Colorado Education Department Suffers Ransomware Breach

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Former and current high school staff and students in Colorado have been put on notice that their personal information may have been compromised, after a serious ransomware breach at a state government agency.

Colorado Department of Higher Education (CDHE) revealed the news in a breach notification on Friday. It became aware of the breach on June 19 and has been working with third-party experts on incident response, including forensics and restoration of affected systems.

“While this incident is still part of an ongoing criminal and internal investigation, CDHE knows that an unauthorized actor(s) accessed CDHE systems between June 11 and June 19, 2023 and that certain data was copied from CDHE systems during this time,” it explained.

“Over the past few weeks, the investigation has revealed that some of the impacted records include names and social security numbers or student identification numbers, as well as other education records.”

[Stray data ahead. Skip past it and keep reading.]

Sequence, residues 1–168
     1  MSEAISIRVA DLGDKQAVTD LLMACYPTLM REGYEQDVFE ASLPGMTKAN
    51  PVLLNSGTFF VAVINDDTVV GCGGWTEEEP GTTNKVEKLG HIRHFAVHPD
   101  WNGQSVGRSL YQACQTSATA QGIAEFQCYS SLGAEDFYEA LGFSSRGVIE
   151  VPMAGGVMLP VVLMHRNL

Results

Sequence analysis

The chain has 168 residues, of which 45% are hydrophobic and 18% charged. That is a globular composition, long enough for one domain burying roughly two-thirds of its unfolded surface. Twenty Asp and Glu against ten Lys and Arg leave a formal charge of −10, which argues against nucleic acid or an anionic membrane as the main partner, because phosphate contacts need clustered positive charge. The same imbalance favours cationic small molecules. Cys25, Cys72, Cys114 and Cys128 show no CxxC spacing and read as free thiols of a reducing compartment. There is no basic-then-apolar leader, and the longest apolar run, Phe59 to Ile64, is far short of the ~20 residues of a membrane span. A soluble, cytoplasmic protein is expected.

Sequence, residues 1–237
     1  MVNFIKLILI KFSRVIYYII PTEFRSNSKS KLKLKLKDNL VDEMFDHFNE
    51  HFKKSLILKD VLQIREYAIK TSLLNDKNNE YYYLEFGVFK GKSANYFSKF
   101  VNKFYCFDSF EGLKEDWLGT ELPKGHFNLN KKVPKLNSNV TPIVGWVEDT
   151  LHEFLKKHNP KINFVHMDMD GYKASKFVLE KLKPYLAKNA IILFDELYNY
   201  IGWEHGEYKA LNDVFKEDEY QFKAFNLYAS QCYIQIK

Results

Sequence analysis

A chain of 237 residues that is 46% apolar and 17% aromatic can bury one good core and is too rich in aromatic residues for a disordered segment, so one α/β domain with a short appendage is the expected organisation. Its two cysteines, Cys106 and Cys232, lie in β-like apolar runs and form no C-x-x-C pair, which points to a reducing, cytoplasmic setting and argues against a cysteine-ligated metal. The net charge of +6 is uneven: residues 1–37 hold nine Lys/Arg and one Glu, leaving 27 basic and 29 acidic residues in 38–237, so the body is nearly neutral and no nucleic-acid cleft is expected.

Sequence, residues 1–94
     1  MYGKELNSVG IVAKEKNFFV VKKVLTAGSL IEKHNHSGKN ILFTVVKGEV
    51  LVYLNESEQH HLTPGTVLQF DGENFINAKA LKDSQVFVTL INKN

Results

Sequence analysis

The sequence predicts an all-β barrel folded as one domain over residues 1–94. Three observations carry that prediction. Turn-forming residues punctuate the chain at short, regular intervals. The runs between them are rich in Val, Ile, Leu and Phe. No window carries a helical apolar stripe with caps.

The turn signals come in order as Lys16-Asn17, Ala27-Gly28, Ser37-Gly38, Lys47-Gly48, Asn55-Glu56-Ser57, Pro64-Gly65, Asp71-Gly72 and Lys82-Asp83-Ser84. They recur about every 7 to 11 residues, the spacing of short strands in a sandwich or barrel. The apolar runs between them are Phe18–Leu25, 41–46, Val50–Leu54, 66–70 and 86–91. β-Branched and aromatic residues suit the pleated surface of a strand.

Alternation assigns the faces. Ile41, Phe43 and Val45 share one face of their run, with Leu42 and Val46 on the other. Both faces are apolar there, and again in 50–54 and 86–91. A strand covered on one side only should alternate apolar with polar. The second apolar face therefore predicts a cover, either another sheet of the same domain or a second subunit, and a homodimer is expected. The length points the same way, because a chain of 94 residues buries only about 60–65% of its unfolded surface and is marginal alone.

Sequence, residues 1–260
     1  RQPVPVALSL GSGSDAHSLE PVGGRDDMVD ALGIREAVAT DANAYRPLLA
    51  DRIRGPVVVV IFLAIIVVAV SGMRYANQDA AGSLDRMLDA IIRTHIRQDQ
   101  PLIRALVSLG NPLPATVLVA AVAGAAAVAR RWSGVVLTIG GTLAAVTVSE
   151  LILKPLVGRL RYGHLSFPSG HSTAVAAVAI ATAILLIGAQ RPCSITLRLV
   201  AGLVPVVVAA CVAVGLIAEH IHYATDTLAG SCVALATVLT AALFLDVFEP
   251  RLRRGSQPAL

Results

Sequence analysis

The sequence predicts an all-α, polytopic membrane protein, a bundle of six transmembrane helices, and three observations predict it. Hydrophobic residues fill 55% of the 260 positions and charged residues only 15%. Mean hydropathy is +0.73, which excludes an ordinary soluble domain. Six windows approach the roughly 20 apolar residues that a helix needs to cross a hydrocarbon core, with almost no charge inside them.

Read more on ransomware breaches: Education Sector Has Highest Share of Ransomware Victims

A potentially sizeable number of people have been affected. The CDHE said this includes anyone who attended public higher education in Colorado between 2007 and 2020, or a public high school between 2004 and 2020.

Also at risk are those holding a Colorado K-12 public school educator license between 2010 and 2014, people who participated in the Dependent Tuition Assistance Program from 2009 to 2013, or the Colorado Department of Education’s Adult Education Initiatives programs between 2013 and 2017, or obtained a GED between 2007 and 2011.

“In response to this incident, CDHE is reviewing its policies and procedures and working to implement additional cybersecurity safeguards to further protect its systems. Additionally, CDHE is providing impacted individuals with complimentary access to credit monitoring and identity theft protection services through Experian for two years,” the breach notification statement continued.

“Remain vigilant against incidents of identity theft and fraud. Individuals should review account statements and monitor free credit reports to detect suspicious activity and errors. CDHE encourages impacted individuals to enroll in credit monitoring services through Experian.”

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